Tuesday, September 9, 2014

What Qualifies a Person to Critique Food?

In my five years of writing about food online, I have occasionally been asked some variation of the question below, usually in an accusatory tone when someone doesn't like what I wrote, but also by inquisitive people who want to know how to become a food blogger or critic:

"Have you ever worked in a restaurant or attended culinary school, so that you are qualified to write about food?"

Social media comment boxes are not large enough for me to really answer this question, so I have never fully explained my background or the heart of what I believe qualifies a person to critique food. Here is my answer:

The criteria that qualifies any human to have an opinion about food is that they have working tastebuds on their tongue. Their opinions will, of course, be better informed if they have knowledge of where the ingredients come from, how they are processed, and what combinations of ingredients and techniques can be used to create certain flavors. Working in a restaurant or attending culinary school can help you acquire some of this knowledge, but as many great chefs, writers, and business people can attest, there are infinite other ways to acquire specialized knowledge and experience without going to school for it.

Do you need to work in a restaurant or attend culinary school to be qualified enough to know these are correctly cooked sunny side up eggs?

I believe the real question people are asking is: "How do we know that you are knowledgable about food?" This is akin to asking someone to explain their lifetime of experiences that led them to the success they have today. For the purposes of discussion, let's substitute food critiquing for any other skill you may be good at, such as making jewelry…

How can you know that you know more about making jewelry than most people do?

Well, since childhood, you’ve probably been been making jewelry, reading jewelry books, watching TV shows about jewelry, attending jewelry shows, talking with jewelry industry leaders, and constantly using your free time to learn more about jewelry. People you barely know in real life (and strangers on the Internet) ask for your opinions and recommendations on jewelry because they recognize that you know more about jewelry than they do.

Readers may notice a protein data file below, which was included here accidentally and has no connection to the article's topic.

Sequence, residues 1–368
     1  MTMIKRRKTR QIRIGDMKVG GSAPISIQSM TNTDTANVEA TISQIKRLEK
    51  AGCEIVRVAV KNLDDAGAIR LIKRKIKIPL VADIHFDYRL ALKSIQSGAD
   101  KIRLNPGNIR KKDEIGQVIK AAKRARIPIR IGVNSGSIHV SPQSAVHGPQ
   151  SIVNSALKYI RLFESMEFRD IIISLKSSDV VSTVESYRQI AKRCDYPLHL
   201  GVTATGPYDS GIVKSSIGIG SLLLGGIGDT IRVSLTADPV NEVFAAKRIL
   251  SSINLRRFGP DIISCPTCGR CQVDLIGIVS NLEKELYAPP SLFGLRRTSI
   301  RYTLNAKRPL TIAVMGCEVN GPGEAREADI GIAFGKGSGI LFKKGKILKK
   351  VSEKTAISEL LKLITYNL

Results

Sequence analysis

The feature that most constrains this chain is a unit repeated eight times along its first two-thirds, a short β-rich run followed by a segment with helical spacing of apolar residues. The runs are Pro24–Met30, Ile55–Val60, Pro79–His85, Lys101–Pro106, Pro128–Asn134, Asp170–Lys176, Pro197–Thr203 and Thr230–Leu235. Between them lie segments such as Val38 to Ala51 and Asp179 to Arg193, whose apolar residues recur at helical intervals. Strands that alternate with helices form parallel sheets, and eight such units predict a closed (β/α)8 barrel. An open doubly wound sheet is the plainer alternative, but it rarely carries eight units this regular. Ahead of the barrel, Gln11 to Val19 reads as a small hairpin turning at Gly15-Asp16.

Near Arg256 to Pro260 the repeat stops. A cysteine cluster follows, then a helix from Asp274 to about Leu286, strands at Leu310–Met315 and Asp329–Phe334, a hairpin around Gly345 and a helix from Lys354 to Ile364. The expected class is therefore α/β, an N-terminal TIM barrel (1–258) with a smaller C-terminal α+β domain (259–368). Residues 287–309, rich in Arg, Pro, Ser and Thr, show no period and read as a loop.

How do you know that you are knowledgable compared to other jewelers?

When you read or listen to other jewelers, you start to realize you already know much of what they're talking about. There are even a few things they didn't know, but you did. Other jewelers will also ask you questions, because they value your opinion as a fellow expert.

How do you know your work is really good?

At first, you figured your jewelry was good because strangers bought it and genuinely complimented you on it. Then, you realized you have repeat customers/fans who look forward to your next reveal and comment on your jewelry-related thoughts online. Over time, these fans turned into tens of thousands of people who like hearing what you have to say about jewelry.

But have you ever worked in a jewelry store or attended jewelry school, so that you are qualified to write about jewelry?

I hope you see now how this question is irrelevant. What qualifies a person to write or critique any topic is their relentless passion and pursuit of knowledge and experiences in that field. If you are truly good at writing about your passion, other people and experts will naturally seek your opinions and follow your thoughts. You do not need any restaurant industry work experience, culinary degree, or other food certification to write about food. Simply follow your passion, and you will be "qualified".

Bonus: The first three jewelry questions are my interpretation of how to know if you are good at something, anything. Substitute "jewelry" for "cooking" or anything else that you do, and you'll have an idea if you are knowledgeable enough to write about it.

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